Rescuers are working into their seventh day to save 41 people who are trapped under a collapsed road in India.
A landslide on Sunday caused a portion of a 4.5km tunnel in Uttarkashi, northern India, to collapse about 200m from the entrance.
The construction of the tunnel is part of a flagship federal government project connecting various Hindu pilgrimage sites.
On Saturday, a new drilling machine arrived to replace the first one rescuers used which became damaged, with officials blaming it on the hard rock formation in the region.
The number of trapped workers has also been revised up from 40, according to Anshu Manish, a director at the National Highways and Infrastructure Development Corporation.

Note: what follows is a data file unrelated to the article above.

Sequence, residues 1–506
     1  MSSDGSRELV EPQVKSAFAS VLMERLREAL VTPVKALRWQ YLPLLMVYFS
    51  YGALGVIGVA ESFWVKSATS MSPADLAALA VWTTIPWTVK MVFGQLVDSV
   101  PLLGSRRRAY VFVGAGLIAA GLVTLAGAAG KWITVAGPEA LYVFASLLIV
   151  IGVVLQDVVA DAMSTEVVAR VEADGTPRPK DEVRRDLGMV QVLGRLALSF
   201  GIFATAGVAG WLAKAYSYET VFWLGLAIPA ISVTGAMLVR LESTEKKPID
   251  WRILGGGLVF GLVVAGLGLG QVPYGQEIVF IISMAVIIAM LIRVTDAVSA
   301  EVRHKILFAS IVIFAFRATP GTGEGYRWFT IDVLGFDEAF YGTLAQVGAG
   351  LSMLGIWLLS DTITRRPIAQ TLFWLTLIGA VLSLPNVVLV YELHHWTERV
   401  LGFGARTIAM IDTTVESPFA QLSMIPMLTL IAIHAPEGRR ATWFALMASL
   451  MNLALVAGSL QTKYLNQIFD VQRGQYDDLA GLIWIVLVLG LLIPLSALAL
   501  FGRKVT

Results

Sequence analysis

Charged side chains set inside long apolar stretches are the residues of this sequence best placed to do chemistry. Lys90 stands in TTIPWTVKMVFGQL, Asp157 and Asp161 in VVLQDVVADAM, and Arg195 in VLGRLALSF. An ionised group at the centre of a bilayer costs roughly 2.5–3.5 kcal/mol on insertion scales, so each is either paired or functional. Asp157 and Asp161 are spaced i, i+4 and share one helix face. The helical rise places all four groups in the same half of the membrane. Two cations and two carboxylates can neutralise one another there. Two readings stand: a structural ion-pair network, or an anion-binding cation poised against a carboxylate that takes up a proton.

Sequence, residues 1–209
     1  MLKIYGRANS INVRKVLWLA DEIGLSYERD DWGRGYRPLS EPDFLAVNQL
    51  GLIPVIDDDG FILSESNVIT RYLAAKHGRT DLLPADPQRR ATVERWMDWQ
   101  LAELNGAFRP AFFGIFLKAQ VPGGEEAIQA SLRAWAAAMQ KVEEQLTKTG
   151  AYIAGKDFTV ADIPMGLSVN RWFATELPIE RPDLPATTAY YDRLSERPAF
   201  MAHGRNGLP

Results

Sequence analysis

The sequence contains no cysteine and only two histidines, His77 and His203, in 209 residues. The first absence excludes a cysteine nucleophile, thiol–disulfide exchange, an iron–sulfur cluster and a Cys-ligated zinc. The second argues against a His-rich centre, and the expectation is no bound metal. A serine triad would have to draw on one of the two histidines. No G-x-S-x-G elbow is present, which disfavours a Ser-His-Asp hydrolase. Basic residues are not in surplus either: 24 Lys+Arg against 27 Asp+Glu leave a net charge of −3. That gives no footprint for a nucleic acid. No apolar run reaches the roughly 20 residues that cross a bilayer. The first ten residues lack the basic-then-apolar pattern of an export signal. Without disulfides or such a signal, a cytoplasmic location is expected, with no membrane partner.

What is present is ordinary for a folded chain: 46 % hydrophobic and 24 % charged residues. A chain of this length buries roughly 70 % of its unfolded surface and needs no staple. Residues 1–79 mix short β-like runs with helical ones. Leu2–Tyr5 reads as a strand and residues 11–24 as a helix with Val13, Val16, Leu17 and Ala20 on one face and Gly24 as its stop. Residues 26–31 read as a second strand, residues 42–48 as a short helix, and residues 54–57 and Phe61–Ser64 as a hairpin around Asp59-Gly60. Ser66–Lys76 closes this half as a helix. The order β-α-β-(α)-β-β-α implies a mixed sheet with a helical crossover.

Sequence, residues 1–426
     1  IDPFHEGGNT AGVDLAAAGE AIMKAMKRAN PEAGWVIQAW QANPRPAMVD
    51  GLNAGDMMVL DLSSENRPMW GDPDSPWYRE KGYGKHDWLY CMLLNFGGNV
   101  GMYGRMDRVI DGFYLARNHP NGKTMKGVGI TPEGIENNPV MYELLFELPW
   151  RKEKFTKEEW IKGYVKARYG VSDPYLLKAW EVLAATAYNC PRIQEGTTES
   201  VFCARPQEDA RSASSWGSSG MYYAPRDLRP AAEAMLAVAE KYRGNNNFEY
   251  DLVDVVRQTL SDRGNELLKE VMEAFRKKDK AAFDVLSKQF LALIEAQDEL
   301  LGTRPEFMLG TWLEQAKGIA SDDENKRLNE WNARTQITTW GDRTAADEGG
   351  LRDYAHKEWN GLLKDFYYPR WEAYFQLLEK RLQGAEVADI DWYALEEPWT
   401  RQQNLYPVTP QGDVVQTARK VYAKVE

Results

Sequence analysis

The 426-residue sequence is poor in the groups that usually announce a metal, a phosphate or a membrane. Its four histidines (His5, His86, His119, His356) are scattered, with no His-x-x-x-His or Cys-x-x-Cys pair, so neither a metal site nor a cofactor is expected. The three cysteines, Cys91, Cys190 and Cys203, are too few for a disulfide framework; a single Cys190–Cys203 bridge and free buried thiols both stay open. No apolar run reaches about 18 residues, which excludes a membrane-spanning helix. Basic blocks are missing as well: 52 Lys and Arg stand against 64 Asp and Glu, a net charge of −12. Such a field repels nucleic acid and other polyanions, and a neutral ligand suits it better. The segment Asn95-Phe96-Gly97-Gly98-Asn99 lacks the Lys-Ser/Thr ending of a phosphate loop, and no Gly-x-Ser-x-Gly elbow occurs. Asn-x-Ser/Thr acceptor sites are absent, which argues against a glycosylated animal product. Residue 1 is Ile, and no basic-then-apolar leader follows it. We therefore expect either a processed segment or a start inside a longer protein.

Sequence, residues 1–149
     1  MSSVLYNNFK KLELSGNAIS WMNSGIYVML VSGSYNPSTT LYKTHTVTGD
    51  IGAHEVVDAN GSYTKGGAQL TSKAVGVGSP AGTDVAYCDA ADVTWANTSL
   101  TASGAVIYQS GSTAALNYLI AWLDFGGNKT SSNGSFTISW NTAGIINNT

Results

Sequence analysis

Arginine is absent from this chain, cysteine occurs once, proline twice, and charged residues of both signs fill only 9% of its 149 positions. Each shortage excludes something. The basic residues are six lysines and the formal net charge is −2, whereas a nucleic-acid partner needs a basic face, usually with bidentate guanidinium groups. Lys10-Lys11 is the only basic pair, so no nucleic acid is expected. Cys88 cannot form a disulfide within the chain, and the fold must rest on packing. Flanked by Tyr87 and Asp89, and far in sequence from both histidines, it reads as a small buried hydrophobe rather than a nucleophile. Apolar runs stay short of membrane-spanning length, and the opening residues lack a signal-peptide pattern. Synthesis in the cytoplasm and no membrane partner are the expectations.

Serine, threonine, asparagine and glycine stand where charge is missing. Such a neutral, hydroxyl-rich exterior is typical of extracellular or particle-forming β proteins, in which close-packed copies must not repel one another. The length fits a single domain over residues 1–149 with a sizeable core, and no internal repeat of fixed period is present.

Rescuers have drilled around 24 metres into the rubble since starting on Thursday, with one official saying they may need up to 60 metres cleared to allow those trapped to escape.
On Saturday, experts met to discuss other methods of rescuing those trapped under the tunnel, amid worries the drilling machine's high-intensity vibrations could cause more problems.
They had hoped to complete the drilling by Friday evening to create an escape tunnel, but efforts were hampered when a loud crack was heard from within the tunnel.
Families of those trapped have shared their frustration and anger, with one man telling the Associated Press he had hoped to see his 20-year-old nephew by Friday.
Krishna Patel said: "The administration keeps changing the timeline for when they may be rescued. It's very frustrating."
Earlier in the week, some of the workers reported falling ill, but officials said on Saturday there had been no deterioration in their conditions since then.
Small food such as nuts, chickpeas, and popcorn are being sent down a pipe to the workers every two hours and there are two doctors in regular contact with those at the site.